Tea party activists and members of Congress have a story they like to tell about the fight over raising the federal debt ceiling. It goes like this: If American families ran their households like the federal government, we'd all be bankrupt. It's a pretty common line. So when the Tea Party Express took to Capitol Hill on Wednesday for a hastily arranged (and sparsely attended) rally to urge Republicans to "hold the line" in the debt ceiling fight, it was no surprise that the family-government comparison was on everyone's lips.
"I really equate it to the family," Cindy Chafian, a mother of five who recently moved to Virginia, told me after speaking at the rally, which also drew tea party luminaries like Sens. Rand Paul (Ky.) and Jim DeMint (S.C.). Chafian, who founded a new organization called the Mommy Lobby, acknowledged that government spending cuts can be painful—just like when a family that has to cut expenses, or when she tells her kids they can't go to the movies because they can't afford it. But over the long run, Chafian said, things work out and get better.
Melissa Ortiz, the founder of a new group, Able Americans, and a proud disabled tea party stalwart, echoed similar sentiments. "If you raise [the debt ceiling], it's just like getting a new credit card," she said, arguing that families have to live within their budgets and the government should too.
The family-to-government comparison is appealing. But in practice, there are huge differences between the federal government and the average nuclear family. "If you want to compare the government to anything, compare it to a business. Typical businesses borrow money and they never pay it off," argues Dean Baker, the codirector of the Center for Economic and Policy Research. Baker says a corporate board would think a CEO was out of his mind if he came to them and announced that while the company lost money, it had paid off its debt. "Maybe the government is more like AT&T than like me and Joey."
Baker explains that if tea partiers want to frame the debt debate in terms of family finances, they'd be better off to compare the debt ceiling issue to having signed an apartment lease. "We're arguing on whether we're going to send in the rent check," he said. "We're deciding whether we're going to pay our bills or screw someone. We're talking about making payments on commitments we've made."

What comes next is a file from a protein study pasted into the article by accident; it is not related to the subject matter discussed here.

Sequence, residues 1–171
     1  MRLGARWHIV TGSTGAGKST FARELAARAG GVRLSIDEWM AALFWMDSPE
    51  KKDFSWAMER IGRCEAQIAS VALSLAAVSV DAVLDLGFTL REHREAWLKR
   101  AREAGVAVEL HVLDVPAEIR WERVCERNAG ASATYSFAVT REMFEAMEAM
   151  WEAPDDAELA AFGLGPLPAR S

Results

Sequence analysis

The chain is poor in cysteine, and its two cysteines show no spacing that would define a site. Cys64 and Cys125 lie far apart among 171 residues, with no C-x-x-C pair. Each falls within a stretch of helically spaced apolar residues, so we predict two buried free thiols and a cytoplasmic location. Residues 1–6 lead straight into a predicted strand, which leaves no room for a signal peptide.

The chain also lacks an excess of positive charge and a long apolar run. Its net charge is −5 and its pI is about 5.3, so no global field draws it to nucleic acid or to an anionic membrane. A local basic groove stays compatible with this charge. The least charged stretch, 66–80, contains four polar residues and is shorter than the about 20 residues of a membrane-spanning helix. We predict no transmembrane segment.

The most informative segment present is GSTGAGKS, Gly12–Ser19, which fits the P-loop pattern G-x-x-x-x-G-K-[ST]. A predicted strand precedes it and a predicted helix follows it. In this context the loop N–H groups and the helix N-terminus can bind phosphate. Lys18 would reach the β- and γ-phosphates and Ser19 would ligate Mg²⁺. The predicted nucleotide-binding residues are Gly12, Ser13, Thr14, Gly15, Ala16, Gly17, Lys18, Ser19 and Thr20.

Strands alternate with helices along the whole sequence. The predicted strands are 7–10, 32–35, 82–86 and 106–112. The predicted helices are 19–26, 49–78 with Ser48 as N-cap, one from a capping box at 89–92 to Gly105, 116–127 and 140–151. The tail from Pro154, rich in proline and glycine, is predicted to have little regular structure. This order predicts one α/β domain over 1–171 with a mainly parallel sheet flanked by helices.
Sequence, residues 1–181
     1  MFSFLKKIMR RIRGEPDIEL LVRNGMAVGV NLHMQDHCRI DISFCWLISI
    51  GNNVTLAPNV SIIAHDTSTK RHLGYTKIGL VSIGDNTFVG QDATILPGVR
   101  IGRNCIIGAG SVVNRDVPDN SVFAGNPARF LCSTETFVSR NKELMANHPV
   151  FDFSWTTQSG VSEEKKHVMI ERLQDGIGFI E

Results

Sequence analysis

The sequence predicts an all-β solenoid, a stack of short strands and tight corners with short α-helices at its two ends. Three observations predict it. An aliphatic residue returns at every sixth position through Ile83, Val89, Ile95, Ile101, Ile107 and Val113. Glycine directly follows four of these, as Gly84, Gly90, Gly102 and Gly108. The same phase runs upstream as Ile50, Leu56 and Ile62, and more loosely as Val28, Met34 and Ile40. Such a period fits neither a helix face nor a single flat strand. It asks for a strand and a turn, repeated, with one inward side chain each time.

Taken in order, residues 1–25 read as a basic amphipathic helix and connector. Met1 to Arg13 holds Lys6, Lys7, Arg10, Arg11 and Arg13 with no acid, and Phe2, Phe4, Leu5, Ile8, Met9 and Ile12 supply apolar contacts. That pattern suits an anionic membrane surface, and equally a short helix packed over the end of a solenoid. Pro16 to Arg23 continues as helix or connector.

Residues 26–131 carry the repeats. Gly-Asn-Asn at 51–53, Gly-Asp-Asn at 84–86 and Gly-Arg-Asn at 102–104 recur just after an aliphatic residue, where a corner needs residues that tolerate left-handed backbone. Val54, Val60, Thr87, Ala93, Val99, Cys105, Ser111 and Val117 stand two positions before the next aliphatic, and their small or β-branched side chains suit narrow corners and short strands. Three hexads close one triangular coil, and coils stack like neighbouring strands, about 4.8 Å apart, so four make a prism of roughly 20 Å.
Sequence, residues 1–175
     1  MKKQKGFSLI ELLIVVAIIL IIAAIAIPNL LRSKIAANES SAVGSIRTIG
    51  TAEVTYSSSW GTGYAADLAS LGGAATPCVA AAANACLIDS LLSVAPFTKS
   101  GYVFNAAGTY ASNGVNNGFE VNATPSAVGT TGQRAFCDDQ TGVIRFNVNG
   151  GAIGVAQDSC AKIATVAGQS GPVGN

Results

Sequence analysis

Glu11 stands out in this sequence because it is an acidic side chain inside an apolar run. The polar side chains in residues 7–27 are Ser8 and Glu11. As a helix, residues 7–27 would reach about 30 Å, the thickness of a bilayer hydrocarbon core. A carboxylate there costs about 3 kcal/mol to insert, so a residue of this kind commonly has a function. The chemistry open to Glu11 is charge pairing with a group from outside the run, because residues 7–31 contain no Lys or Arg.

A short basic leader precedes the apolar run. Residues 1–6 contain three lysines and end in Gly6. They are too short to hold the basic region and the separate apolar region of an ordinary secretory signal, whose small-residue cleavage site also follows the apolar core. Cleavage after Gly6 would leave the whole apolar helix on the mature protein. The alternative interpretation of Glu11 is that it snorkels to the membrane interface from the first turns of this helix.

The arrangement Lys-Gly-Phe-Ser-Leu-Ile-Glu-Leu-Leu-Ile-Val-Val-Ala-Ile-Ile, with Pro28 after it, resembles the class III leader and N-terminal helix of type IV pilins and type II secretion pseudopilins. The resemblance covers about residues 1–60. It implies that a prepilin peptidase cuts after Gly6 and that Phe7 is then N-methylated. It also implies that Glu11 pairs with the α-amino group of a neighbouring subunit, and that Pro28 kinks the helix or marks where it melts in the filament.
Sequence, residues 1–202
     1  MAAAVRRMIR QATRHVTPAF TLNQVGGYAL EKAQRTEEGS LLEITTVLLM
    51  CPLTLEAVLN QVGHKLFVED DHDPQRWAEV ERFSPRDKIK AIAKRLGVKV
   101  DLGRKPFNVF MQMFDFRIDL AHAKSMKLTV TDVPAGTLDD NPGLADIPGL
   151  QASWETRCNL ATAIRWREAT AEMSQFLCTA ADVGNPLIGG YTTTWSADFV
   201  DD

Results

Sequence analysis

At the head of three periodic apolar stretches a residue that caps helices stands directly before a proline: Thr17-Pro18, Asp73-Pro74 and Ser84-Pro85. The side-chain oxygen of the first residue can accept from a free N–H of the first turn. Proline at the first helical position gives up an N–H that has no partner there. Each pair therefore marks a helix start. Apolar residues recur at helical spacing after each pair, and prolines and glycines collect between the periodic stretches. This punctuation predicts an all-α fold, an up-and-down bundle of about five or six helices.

The tea partiers, though, don't seem inclined to view the debate that way, or even to acknowledge that most families have tons of debt they never pay off, namely in the form of big mortgages. They also don't seem willing to acknowledge that sometimes even a family strapped for cash will seek out a revenue solution, like a second job, akin to the government raising taxes. None of the tea partiers I spoke with was willing to entertain the idea of, for example, letting the Bush tax cuts expire. One man, who was volunteering for a tea party candidate running for a Virginia Senate seat and declined to give his name, even expressed deep cynicism that raising taxes would even do any good. Big companies like GE don't pay taxes now, he said, so why would they pay taxes if they went up?
Still, the handful of tea partiers who came to Capitol Hill Wednesday didn't seem quite as willing to drive the economy into a ditch as some media coverage has implied. Chafian, for her part, says, "I'd like to not see [the debt ceiling] raised, but I'm also a realist." Her husband is a 19-year veteran of the US Navy, so she understands the implications of the government running out of money. If the debt negotiations fail, her family may have to cut its spending. Even so, she still wants to see Congress bring spending more in line with revenue, and also to pass the balanced budget amendment, even though she realizes that making it official would be a long, drawn out process.
The tea partiers also weren't entirely united about the performance of House Speaker John Boehner (R-Ohio), who has been under fire from some tea party groups for not pushing hard enough against raising the debt limit under any terms. "I think he's doing the best he can with what he has to work with," Ortiz says. Just like a family?